Mon, Jan 25, 2016 - Page 8 News List

How to avoid a constitutional crisis

By Chen Yaw-shyang 陳耀祥

The presidential and legislative elections, which went in favor of the Democratic Progressive Party (DPP) on Jan. 16 is the first total power transfer in Taiwan’s history. The question of how to smoothly pass through the transition period and avoid a constitutional crisis has become a focal point for discussion.

On Monday next week, legislators are to form the ninth legislature and take office, but the president-elect does not take office until May 20. This is situation is unusual worldwide. A caretaker period that extends for more than four months is a hindrance to government administration and, if faced with a crisis during this period, there might be questions about who shoulders responsibility. To resolve this, the Chinese Nationalist Party (KMT) suggested that the DPP form a new Cabinet as the legislative majority, but the DPP has been unwilling to accept the suggestion due to constitutional considerations, the main reason being that it would be unclear where political responsibility lies between the outgoing president and the new Cabinet.

Take cross-strait relations for example: if President Ma Ying-jeou (馬英九) insists on having a second meeting with Chinese President Xi Jinping (習近平), should the Cabinet cooperate? Should the Mainland Affairs Council listen to the president or the premier? Would there be more vicious political struggles if the Cabinet refused to cooperate?

Some have suggested that the constitutional deadlock be solved by establishing a system through a constitutional amendment, but that suggestion is not feasible. Due to the high threshold for passing an amendment and the suspicion between the parties, which all have their own agenda, the possibility that a constitutional amendment would be passed is low and the political cost would be high. There is only one way to resolve this constitutional crisis: Ma and Vice President Wu Den-yih (吳敦義) should resign.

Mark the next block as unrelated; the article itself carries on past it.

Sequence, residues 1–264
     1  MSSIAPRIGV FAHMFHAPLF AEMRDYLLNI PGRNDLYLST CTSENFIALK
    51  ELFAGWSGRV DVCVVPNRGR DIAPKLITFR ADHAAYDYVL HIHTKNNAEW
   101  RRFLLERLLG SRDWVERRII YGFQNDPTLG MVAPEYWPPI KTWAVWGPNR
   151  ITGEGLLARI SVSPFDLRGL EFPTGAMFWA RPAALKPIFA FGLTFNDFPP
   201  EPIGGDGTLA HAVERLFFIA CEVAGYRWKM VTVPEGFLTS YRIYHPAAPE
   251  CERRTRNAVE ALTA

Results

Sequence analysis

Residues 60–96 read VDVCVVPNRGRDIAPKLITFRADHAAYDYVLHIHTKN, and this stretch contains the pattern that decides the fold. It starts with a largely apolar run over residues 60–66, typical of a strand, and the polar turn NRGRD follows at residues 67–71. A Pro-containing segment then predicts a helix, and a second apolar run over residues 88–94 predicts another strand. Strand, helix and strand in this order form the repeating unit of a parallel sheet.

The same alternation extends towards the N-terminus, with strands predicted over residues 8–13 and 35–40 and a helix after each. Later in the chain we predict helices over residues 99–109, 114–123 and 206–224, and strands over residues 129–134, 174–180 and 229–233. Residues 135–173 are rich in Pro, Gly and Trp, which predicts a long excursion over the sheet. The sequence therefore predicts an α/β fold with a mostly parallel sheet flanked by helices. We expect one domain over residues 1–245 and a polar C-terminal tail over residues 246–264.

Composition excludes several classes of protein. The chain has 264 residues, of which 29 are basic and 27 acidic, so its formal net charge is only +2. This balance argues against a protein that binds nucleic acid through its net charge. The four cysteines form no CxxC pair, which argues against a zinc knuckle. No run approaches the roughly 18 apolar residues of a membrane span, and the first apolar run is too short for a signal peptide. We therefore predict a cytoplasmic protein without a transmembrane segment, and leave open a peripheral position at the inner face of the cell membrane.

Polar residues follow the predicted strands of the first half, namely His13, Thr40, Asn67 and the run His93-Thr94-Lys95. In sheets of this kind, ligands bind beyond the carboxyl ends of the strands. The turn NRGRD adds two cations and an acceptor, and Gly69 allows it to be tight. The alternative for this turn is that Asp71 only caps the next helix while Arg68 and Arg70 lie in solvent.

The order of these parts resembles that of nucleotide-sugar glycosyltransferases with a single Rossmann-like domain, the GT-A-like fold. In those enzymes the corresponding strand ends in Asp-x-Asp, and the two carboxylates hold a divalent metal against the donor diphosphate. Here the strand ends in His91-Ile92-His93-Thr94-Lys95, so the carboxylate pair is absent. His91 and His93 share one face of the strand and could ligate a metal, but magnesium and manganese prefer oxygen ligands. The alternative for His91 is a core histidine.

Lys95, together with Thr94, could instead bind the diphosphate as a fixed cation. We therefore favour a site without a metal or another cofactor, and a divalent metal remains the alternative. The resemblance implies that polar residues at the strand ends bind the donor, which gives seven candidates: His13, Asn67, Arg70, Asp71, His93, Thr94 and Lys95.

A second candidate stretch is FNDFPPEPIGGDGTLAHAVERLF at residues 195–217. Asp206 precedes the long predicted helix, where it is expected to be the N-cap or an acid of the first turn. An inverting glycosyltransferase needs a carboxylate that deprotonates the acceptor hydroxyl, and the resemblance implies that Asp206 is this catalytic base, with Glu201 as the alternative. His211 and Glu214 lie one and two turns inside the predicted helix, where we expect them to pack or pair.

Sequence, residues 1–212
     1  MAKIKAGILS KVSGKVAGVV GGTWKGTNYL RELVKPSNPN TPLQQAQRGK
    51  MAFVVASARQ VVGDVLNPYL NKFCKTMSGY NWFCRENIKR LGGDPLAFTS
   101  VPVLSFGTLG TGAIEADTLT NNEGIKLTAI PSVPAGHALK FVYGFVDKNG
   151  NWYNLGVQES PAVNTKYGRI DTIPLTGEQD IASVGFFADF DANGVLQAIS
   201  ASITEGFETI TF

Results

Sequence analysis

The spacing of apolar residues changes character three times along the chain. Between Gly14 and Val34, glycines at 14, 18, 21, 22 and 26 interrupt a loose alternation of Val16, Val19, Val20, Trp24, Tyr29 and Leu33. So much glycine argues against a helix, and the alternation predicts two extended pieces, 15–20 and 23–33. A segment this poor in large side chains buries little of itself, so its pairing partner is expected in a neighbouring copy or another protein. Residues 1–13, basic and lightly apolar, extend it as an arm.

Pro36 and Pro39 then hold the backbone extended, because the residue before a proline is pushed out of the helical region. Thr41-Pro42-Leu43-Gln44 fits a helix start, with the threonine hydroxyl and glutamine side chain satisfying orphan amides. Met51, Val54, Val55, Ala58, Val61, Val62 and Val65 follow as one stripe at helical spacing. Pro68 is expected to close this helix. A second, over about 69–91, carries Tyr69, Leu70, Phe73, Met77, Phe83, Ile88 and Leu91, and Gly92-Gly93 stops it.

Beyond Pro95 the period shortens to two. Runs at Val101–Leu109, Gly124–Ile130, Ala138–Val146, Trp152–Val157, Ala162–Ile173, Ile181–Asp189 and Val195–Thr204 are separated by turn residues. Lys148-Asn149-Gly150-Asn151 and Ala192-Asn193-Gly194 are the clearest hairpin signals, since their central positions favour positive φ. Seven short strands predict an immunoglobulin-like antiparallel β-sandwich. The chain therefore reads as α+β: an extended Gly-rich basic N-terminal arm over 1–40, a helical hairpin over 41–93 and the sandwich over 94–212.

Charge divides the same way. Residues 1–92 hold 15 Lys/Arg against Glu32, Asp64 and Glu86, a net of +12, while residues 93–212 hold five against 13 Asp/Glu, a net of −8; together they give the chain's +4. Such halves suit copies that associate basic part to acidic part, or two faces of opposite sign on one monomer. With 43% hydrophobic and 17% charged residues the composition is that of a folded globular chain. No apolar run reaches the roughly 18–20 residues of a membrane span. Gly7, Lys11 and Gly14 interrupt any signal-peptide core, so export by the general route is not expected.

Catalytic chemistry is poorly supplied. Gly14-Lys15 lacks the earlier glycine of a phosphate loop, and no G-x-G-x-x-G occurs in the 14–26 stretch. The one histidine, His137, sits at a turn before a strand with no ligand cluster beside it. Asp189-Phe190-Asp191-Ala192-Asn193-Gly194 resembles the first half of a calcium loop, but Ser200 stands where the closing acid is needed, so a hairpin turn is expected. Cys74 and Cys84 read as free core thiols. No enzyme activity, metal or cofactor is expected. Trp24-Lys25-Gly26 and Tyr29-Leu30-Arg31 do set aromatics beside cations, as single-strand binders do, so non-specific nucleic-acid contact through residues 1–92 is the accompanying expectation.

As the Chinese saying goes, “the person creating the problem must be the one to resolve it.” Ma created the predicament when he sought re-election in 2012. He moved the presidential election forward to coincide with the legislative election to maximize votes from Taiwanese businesspeople returning from China, although he argued that it would save on election costs and that it be more convenient for voters to cast the ballots in both elections at the same time. At the time, most people felt that the transition period was too long and that it was a breach of the Constitution, but the Ma administration insisted on combining the elections.

Previously, the president and vice president were elected by the National Assembly. Article 29 of the Constitution states that: “The National Assembly shall be convoked by the president to meet 90 days prior to the date of expiration of each presidential term.” This article has now been invalidated by a constitutional amendment, but Article 2 of the Additional Articles of the Constitution regarding presidential elections fails to clearly specify that an election shall be held within three months of the expiration of each presidential term. It was this loophole allowed the Ma administration an election day of its choice.

In fact, the law does not say that the president and vice president-elect should be inaugurated on May 20. The constitutional precedent was set when the president and vice president were indirectly elected by the First National Assembly in Nanjing, China, on April 20, 1948, because they took office a month later on May 20. If Ma and Wu were to resign ahead of time, the president-elect and vice president-elect could take office and start their four-year terms at an earlier date.

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